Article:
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A federal judge’s original ruling on a Guantanamo Bay detainee’s habeas corpus case disappeared and was replaced weeks later with a new ruling containing major deletions and no notice to the public of a change, a ProPublica reporter found.
On March 16, District Judge Henry Kennedy Jr. granted prisoner Uthman Abdul Rahim Mohammed Uthman’s writ of habeas corpus after he had been held at Guantanamo for seven years. The next day, Kennedy’s 28-page opinion was missing from the court’s electronic docket, ProPublica reporter Dafna Linzer wrote.
A few weeks later, a new 20-page opinion surfaced. While the conclusions were the same, eight pages and original footnotes were missing, sentences were rewritten and information was deleted -- all without redactions notifying the public that the opinion had changed or that an original opinion had been published, according to Linzer's article.
Linzer spent five months researching the case after she noticed the original ruling had vanished.
“It immediately looked unusual to me because the redactions were so minimal when they’re always so heavy, and it disappeared,” Linzer said of the first court opinion.
Uthman was accused by the Bush and Obama administrations of being a member of al-Qaida and a bodyguard for Osama bin Laden. Kennedy granted Uthman’s writ after deciding that testimony against him from Guantanamo Bay prisoners who had been tortured at the time they provided their testimony was unreliable, the court documents said.
The original court ruling stated Uthman was seized "in or near" Parachinar, Pakistan, on Dec. 15, 2001, with a group of about 30 men.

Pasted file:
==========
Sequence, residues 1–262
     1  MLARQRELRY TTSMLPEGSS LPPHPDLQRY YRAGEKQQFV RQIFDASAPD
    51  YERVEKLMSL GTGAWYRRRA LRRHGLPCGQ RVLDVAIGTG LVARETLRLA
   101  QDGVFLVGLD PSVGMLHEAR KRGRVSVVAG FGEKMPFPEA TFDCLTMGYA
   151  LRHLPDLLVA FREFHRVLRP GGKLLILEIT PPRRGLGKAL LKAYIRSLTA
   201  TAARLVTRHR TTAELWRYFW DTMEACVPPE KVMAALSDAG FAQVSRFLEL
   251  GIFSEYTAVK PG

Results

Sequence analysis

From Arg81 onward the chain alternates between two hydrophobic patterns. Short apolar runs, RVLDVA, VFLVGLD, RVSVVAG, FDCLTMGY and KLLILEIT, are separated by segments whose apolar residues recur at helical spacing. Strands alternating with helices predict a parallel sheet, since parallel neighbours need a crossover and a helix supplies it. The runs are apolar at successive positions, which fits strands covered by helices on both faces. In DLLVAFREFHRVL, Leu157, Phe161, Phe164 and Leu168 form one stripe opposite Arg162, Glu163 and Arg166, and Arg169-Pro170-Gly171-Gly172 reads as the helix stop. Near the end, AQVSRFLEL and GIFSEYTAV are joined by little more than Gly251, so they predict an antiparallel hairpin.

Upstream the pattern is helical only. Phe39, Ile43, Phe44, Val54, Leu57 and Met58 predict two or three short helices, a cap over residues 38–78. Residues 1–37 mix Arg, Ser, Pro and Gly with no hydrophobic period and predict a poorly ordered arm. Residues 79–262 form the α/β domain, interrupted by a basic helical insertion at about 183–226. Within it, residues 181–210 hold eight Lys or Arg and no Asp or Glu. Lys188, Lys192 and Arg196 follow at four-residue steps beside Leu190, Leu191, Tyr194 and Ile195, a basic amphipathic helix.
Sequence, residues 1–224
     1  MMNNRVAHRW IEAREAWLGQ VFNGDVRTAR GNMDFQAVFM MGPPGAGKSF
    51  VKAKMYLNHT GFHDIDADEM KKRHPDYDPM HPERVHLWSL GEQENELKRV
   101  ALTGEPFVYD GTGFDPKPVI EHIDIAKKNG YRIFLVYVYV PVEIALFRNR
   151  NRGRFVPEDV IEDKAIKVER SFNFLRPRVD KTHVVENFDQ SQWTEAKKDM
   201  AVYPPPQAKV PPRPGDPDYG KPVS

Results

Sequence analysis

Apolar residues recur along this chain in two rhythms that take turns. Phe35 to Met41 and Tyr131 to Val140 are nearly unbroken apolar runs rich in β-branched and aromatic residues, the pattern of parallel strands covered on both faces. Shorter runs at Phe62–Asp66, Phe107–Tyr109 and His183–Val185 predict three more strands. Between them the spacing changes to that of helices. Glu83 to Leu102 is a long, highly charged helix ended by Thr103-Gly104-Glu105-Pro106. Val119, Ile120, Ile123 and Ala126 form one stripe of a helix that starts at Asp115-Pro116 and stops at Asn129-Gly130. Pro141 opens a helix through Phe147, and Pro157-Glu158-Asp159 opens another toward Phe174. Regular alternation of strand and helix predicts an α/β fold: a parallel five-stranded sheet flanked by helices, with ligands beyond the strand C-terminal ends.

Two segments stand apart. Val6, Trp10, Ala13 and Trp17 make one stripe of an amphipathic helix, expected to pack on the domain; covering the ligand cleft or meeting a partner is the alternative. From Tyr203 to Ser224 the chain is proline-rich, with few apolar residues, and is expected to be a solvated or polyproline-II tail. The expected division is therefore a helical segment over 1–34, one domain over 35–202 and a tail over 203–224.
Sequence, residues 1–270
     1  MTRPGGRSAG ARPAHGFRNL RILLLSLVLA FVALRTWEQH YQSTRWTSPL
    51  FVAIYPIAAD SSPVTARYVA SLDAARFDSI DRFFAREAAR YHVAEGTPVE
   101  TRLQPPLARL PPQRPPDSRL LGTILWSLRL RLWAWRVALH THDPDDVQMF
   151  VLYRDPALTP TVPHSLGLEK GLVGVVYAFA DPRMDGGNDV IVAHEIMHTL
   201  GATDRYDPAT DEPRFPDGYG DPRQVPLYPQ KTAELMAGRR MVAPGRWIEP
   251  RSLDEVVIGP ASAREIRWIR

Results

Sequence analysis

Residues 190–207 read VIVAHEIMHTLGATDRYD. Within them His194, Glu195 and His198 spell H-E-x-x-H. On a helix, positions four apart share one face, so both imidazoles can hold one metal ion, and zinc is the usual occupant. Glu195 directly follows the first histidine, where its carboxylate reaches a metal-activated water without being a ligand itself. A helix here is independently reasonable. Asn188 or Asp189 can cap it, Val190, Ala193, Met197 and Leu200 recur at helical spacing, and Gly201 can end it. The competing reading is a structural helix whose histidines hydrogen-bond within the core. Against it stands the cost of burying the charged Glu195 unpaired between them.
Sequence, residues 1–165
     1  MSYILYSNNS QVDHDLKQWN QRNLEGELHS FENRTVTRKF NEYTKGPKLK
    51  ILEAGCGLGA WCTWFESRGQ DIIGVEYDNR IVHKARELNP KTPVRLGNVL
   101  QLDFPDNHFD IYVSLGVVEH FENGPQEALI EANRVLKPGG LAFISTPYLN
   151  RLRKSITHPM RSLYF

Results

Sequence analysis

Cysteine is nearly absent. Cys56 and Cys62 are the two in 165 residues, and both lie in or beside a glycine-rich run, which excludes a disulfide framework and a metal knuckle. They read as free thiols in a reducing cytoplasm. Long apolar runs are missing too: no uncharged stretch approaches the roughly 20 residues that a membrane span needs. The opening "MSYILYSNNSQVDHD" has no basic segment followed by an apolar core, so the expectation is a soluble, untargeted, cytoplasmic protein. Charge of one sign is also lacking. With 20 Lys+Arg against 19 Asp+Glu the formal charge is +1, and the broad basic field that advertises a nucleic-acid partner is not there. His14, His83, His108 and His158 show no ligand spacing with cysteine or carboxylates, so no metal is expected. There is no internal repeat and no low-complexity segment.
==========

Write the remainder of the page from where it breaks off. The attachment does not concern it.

The second opinion excludes details of the exact date Uthman was captured, the circumstances surrounding his arrest and states that he was captured near Tora Bora, Afghanistan. The report also omits information about Uthman’s schooling at the Furquan Institute, a religious high school that other members of al-Qaida had attended.
In addition, while the first report referred to one witness as “psychotic,” rendering his damning testimonial against Uthman unreliable, the second opinion glossed over details and ruled the testimony wasn’t credible, according to the article.
The new opinion was written by Kennedy after the first opinion was accidentally cleared for release before confidential information was redacted, the ProPublica article said. The Justice Department did not want to release the original opinion again with sections redacted, as it would draw too much attention to the information omitted from the second opinion, Linzer wrote.
Victor Hansen, a law professor at New England School of Law in Boston, said the public has limited options in challenging the court's moves. He said this case is unusual and raises questions about how often this happens.
“What made it so more extreme is that they’re trying to create this new history that this first opinion never existed,” Hansen said. “That’s weird, and somewhat troubling.”
Steven Aftergood, director of the Project on Government Secrecy for the Federation of American Scientists, said the action casts a shadow of doubt on legal proceedings and remedial action should take place.
“It doesn’t reflect well on the whole process, it makes it look like they are all improvising and making up the rules as they go along,” Aftergood said. “I think there has to be a response either from the judge or from the Judicial Conference to prevent anything like this from happening again.”
According to Linzer’s article, Justice Department officials are appealing Kennedy's ruling.